Tuesday, February 9, 2010

What is a Contractor?

Most commonly, the term ‘contractor‘ is used to describe an expert in the construction industry who hires skilled and unskilled workers to actually construct a financed project. A contractor must be licensed by an examining board before he or she can bid on the project. This bid is based on the estimated cost of the building materials, the wages of subcontractors and laborers and the contractor’s fee for coordinating the project.

Although a contractor’s main concern is hiring qualified subcontractors (specialized craftsmen paid by the contractor), he or she may also perform some of the construction work as well. Most contractors develop good working relationships with other construction specialists, so they often hire the same specialized companies and workers for each contracted project. The contractor is ultimately responsible for the quality of the work performed by subcontractors, so it doesn’t always pay to hire unknown entities to cut down on expenses.

A professional contractor should also have an understanding of his or her limitations. The client works with an architect and financier long before the first shovel of dirt is removed by a contractor. During the bidding process, a contractor may have to work with the building’s architect to discuss potential problems with a design element. If the complexity of the building’s design or the potential cost overruns threaten to overwhelm a contractor’s skills, he or she needs to step back and allow other contractors to win the bid. A good contractor understands that the success of the project depends on his or her ability to hire the right independent subcontractors and follow the wishes of the client.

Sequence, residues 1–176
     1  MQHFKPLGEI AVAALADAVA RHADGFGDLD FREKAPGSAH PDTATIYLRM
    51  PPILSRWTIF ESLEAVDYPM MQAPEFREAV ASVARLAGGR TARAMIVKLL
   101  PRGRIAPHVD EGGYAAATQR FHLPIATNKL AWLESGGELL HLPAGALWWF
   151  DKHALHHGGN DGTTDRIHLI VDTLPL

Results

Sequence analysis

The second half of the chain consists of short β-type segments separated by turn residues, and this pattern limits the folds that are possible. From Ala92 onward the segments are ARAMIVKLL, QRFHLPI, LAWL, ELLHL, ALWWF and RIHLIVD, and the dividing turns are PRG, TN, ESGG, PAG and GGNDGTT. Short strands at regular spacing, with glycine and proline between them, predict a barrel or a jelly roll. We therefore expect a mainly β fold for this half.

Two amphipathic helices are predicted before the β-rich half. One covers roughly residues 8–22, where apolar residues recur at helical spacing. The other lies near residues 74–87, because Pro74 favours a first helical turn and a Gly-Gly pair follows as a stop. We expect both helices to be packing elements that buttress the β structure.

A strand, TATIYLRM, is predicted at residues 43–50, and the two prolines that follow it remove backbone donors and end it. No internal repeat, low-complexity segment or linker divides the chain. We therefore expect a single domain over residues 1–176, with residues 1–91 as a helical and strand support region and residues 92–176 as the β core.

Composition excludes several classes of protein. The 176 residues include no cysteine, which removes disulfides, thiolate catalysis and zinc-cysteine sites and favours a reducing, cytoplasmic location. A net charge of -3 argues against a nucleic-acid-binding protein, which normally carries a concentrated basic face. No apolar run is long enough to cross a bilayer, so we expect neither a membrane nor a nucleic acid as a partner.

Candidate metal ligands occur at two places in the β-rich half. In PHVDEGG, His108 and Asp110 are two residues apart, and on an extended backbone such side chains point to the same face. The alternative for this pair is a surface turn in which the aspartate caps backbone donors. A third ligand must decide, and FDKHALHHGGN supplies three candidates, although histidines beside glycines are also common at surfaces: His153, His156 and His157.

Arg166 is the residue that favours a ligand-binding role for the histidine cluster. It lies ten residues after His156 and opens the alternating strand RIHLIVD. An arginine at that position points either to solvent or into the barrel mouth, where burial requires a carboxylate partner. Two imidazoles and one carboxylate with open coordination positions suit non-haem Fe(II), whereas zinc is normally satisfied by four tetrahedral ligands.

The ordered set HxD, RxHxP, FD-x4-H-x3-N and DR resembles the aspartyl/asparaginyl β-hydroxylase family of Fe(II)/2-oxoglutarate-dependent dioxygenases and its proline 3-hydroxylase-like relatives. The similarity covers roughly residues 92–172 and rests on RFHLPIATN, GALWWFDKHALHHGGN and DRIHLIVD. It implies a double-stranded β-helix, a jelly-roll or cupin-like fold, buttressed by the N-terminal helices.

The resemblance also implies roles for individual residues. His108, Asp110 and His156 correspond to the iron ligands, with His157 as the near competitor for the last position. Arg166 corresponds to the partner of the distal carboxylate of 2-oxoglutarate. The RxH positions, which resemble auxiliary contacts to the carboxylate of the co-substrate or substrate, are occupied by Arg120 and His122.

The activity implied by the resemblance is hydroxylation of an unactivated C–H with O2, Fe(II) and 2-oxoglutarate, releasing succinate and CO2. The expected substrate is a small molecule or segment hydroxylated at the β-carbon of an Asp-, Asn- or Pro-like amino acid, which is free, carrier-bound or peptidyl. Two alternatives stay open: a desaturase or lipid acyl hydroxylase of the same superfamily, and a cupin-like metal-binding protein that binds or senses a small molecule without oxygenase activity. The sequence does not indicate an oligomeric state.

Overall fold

In a different sense, a contractor could also be anyone who agrees to perform work for a fee. This occurs frequently in businesses which cannot afford to assign or hire a new employee to perform a specific job. The job itself may not be long-term enough to justify the expenses of a new hire, or the wages may not be sufficient for established employees. Companies in this situation often hire ‘independent contractors’ to perform the job without a formal employment agreement. The pay rate is discussed with each independent contractor and a legal agreement may be produced. After completing the job, an independent contractor receives the entire amount of pay without tax deductions or other withholdings. At the end of the tax year, the company issues a federal 1099 form showing the independent contractor’s miscellaneous income earned.


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